A privacy officer, a professor, and a patent attorney walk into a room . . .(what happened at the LSI community board)

A privacy officer, a professor, and a patent attorney walk into a room . . .brain

Wait for it.

Oops, there’s no punch line.

There is a whole lot of brain power, collaboration, and excitement.

And trust me, you have not seen excitement until you see those listed above along with about thirty of their colleagues gather in one place to discuss fascinating topics.

Last week, I had the honor to attend the first Law, Science, and Innovation Center of the Sandra Day O’Connor College of Law Community Board meeting. This is a school and a center to which my heart belongs. Along with professors of both the College of Law and ASU in general, there were alumni (some of my favorite people, such as May Mowzoon, a patent attorney), elite staff (such as Deb Pogson, the managing editor for Jurimetrics), and many community affiliates from small companies and large ones. In fact, I met a gentleman with whom I will soon be speaking on a panel with at the State Bar of Arizona’s 2015 convention – “The Perils of Connectivity – Privacy and Security on the Internet of Things.”

The format of the community board is geared to make the board more substantive rather than an operational board for the center. To this end, the center presented four topics and then we broke up into working sessions for each topic – we could each choose two working groups for thirty minutes each.

The two topics I was not able to make it to were:

Airspace in the Age of Drones by Prof. Troy Rule – which was not about military drones (unmanned aerial vehicles: UAVs), but more about personal use drones. The elements he brought into question were wonderful. He posed three issues:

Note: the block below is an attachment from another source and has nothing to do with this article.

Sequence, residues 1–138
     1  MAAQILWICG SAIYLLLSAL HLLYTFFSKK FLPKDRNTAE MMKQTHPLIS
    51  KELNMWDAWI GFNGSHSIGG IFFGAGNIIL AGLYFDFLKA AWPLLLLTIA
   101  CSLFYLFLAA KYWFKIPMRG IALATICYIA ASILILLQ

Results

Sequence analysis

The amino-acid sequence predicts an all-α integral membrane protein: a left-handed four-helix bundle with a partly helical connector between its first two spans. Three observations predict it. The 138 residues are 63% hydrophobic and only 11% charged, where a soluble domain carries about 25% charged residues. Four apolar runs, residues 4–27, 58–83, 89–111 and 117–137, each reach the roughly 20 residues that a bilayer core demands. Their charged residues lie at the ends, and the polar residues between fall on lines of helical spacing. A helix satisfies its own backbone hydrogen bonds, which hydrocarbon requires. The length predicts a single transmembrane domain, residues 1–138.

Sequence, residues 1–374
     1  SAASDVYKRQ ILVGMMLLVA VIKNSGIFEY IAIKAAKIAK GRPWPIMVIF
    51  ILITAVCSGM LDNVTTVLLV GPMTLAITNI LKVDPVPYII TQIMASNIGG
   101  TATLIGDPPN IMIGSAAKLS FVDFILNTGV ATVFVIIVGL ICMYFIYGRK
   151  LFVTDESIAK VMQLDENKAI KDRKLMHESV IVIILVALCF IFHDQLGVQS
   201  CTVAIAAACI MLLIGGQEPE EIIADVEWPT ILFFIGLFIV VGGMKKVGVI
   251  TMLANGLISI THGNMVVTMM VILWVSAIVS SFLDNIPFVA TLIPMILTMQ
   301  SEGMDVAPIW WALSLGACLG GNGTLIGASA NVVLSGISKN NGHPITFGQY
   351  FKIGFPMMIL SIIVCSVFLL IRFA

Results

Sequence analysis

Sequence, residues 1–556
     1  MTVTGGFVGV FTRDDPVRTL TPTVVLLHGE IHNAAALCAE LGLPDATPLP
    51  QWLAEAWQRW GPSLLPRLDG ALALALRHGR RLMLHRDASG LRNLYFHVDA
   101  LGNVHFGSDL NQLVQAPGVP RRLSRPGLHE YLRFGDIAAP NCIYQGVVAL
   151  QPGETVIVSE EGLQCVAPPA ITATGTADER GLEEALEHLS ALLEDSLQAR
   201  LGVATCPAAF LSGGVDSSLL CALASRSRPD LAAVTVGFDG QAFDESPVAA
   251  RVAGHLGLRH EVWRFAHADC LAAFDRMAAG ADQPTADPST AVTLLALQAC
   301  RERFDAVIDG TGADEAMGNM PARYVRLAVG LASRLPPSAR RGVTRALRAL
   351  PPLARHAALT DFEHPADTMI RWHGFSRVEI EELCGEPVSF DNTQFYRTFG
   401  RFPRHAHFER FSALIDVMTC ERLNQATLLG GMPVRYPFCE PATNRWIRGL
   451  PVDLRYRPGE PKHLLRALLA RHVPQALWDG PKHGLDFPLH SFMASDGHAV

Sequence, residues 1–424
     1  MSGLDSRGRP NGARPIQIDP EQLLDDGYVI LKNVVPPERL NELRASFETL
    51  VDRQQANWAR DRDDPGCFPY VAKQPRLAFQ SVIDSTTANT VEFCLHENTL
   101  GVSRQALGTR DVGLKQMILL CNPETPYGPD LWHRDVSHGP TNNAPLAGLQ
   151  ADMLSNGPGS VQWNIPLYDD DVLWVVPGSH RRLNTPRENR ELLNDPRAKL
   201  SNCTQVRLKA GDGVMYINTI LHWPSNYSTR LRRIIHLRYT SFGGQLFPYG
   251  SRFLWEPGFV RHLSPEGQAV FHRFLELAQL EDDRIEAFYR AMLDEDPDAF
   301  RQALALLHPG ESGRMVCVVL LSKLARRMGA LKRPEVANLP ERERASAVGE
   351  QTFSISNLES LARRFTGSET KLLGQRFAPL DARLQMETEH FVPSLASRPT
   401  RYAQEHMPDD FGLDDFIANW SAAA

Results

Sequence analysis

• Who should regulate these personal drones? The FAA? The airspace in which these drones are flown are not in the FAA-regulated airspace, but local agencies are reluctant to touch what may fall into the FAA area.
  • Where are the private property rights and where do they stop? What are the privacy rights? If someone is flying one of these drones with a GoPro camera strapped to it…do you have rights in the privacy of your backyard from 300 feet up?
  • What are the rights and limitations on law enforcement? A whole nest of topics arise here.

As the opening topics, loved the collegial competitiveness, he dared Prof. Hodge to follow that.

Public Health Law: HIV and the Religious Freedom Restoration Act in Indiana by Prof. James Hodge. Okay. wow. Two controversial topics. There is a lot of information out there about the RFA, but not a whole lot about how it may impact huge public health concerns. A rural area in Indiana saw more than 100 diagnosed with HIV – unprecedented.

One way that has been proven to control the spread of HIV is a needle-exchange program, which has opponents. Most opponents do so on religious grounds. How do these two controversial topics play together? What are the impacts to public health? Fascinating intersection of two seemingly unrelated topics that may well have big repercussions.

Now, the two that I did participate in the working groups:

Biomarkers for Concussion Susceptibility and Effects by Prof. Betsy Grey. This topic was about concussions, chronic traumatic encephalopathy (CTE), and biomarkers. The presence of traumatic brain injury seems prevalent in professional/college football, but football injuries account for a small percentage of events. Yet the news is sensational given recent actions by linebacker Chris Borland of the San Francisco 49ers and the University of Michigan offensive lineman Jack Miller.